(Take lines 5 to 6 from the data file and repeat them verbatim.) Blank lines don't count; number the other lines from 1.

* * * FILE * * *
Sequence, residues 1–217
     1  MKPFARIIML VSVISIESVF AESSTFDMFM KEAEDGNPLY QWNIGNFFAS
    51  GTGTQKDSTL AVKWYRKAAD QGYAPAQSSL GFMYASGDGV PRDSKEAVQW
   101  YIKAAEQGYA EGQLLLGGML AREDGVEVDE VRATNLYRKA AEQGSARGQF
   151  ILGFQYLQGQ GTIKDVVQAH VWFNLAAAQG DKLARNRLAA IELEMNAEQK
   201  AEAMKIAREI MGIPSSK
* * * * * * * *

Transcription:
   151  ILGFQYLQGQ GTIKDVVQAH VWFNLAAAQG DKLARNRLAA IELEMNAEQK
   201  AEAMKIAREI MGIPSSK